Yet I’m still forced to change my password on some sites. So I go with shorter passwords because coming up with longer passwords is difficult and I don’t want to do that every 3 months. Why is it so hard to get IT people, including myself at times, to acknowledge how security risks have changed and to change our behaviors? And to change “best practices”?

>Resumes & the Job Search

>Unfortunately, a few weeks ago, I found out my current employer is closing it’s doors at the end of the year. So yesterday I got to go to outplacement training offered by my employer. I want to be fully prepared to start a job search and thought this training could help. I have to admit though, I wasn’t looking forward to it. The training was scheduled for a full day and I didn’t know how much I would get out of it. Ultimately I decided to go since I thought my resume could stand some improvement.

Now, I am very happy I went. Things have changed a lot in the world of resumes and job applications since I did my last job search. I also now believe my resume needed more work than I thought. In fact, I don’t think my resume would have gotten me past the first hurdle for most jobs.
All I can say is that if you are laid off or looking for a job for any reason, get some up-to-date help on putting a resume together. What I thought I knew about job searching and what I had found on the web hadn’t really prepared me for what I learned from the training. And right now, I’m thinking that the training was correct.


>So I started looking at some of the new things available with HTML 5 by going through the slideshow found at Html5Rocks.  There’s some pretty cool stuff coming.  I don’t think it is that far away.  But it is definitely not immediate.  To prove that, just go to the site with IE.  The main HTML5Rocks site works in IE but the slideshow doesn’t.

The slideshow should work fine in IE once IE9 comes out.  But why do we have to wait?  Mozilla and Google managed to update their browsers to start supporting HTML 5.  Why can’t Microsoft do the same?  Why must we wait for IE9 (and then for adoption of IE9) before we can start taking advantage of many of the features of HTML5?  Seems to me that a position like that just slows down adoption of these great capabilities which will make development easier.  Making it even more ironic is that word is already starting to get out about how to add support for HTML5 to ASP.NET MVC (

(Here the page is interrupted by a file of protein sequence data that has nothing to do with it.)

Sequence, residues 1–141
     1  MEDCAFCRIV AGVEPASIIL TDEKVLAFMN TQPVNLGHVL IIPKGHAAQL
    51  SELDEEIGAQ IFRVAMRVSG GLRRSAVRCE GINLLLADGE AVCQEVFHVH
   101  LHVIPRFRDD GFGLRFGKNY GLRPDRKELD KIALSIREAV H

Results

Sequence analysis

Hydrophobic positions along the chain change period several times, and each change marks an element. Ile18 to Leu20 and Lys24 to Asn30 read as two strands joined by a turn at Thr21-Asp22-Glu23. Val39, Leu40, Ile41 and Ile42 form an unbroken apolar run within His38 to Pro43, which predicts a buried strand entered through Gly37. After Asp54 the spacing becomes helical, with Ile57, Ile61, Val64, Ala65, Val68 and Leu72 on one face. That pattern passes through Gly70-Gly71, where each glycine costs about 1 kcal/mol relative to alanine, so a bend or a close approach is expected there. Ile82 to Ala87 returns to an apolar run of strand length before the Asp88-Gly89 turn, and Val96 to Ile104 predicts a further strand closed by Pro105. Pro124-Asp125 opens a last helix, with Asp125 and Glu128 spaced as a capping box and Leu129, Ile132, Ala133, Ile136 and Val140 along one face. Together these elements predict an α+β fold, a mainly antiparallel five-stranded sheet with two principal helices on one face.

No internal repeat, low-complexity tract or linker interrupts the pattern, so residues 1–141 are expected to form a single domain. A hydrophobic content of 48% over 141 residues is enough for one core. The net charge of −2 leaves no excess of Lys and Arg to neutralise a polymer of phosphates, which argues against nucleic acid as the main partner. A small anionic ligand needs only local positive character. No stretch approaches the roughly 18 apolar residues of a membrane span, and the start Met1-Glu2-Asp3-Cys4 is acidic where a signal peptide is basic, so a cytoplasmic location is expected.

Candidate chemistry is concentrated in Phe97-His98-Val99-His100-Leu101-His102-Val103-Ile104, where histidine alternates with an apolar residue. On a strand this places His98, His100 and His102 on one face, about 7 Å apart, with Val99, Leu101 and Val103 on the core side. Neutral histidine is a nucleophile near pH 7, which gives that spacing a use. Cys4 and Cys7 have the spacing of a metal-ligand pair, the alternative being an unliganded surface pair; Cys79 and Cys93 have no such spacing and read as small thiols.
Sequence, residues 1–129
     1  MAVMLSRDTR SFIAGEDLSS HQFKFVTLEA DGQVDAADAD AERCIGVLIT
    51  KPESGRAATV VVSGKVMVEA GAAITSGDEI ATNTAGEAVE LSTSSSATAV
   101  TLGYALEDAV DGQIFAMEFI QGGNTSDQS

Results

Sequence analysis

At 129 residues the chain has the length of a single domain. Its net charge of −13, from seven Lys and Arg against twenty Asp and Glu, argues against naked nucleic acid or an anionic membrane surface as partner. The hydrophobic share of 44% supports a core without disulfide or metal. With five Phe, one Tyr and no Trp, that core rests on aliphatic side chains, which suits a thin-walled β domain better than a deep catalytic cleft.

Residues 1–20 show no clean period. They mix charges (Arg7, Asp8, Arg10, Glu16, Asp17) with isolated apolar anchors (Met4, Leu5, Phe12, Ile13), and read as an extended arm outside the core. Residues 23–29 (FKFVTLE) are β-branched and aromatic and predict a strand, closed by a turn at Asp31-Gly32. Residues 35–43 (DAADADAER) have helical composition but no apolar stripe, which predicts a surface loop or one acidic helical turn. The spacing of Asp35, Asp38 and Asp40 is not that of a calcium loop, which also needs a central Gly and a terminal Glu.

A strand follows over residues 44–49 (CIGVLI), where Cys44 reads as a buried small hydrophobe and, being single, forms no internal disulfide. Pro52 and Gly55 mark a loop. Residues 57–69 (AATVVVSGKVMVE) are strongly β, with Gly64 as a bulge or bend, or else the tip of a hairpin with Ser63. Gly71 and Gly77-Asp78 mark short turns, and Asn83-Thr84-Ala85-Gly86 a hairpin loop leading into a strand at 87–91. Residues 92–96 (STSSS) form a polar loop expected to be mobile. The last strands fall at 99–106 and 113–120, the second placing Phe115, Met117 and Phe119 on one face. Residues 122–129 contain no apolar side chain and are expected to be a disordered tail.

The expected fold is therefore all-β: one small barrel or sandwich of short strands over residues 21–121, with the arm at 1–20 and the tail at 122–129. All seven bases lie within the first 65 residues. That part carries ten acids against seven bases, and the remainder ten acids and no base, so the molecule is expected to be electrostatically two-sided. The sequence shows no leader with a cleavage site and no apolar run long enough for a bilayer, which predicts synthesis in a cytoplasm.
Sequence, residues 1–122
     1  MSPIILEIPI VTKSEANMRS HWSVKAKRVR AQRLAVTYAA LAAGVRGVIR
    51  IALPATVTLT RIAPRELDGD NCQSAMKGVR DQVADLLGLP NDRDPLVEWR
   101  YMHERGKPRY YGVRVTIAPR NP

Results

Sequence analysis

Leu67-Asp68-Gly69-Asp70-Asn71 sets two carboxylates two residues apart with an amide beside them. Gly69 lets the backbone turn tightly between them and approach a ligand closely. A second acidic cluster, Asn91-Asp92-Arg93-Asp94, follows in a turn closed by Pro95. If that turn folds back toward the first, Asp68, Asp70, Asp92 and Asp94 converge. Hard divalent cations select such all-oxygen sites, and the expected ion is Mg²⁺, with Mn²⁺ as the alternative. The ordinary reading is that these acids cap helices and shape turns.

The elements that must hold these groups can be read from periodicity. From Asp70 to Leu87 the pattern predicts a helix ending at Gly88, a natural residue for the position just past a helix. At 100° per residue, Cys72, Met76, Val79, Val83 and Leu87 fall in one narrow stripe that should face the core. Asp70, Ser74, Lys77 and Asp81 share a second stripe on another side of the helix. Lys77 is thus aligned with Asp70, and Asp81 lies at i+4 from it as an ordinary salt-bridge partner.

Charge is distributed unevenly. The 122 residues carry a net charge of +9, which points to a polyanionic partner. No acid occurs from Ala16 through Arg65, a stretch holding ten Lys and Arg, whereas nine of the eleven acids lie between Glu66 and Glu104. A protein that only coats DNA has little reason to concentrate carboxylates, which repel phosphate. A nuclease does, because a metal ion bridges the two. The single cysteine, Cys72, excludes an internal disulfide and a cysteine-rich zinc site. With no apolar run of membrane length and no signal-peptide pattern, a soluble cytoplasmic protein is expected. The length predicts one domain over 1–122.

But I digress; I meant for this post to be about the new capabilities coming, not about Microsoft taking so long to support them 🙂

So, here are my favorite features coming with HTML5:

  • The new input types for date, time, email, color, number.  Yes, many of these aren’t yet supported.  And the richest support is only in Chrome.  But when these come, it will be nice.  It will make validation easier and it will make things more consistent across web sites.  At least, once everybody starts accommodating the new types.
  • Easy, easy ways to add audio and video to your site with the new audio and video tags.  
  • The new CSS selectors will make lot’s of things easier.  And no more jQuery to get different backgrounds on alternate table rows!
  • The TextStroke, Opacity, Rounded Corners, shadows and Gradient support is fantastic. Especially the gradient support.  I always hated the “hack” of using a 1px wide image to get a gradient color in a background.
  • I can see the local storage changing the game a lot.  Today, if I have a multi-page “wizard”, I have to send and save the data on the server between pages.  With this capability, I could store the data locally and send it once when the user has hit a Save button making my process use less bandwidth and be a bit more crash proof.

I see no reason not to start using these features today.  Modernizr is a javaScript library that lets you know what features are and aren’t available in the current browser.  It extends that knowledge into CSS as well.  For example, if you want to have one background style if gradients are supported and a different one if they are not, you can code: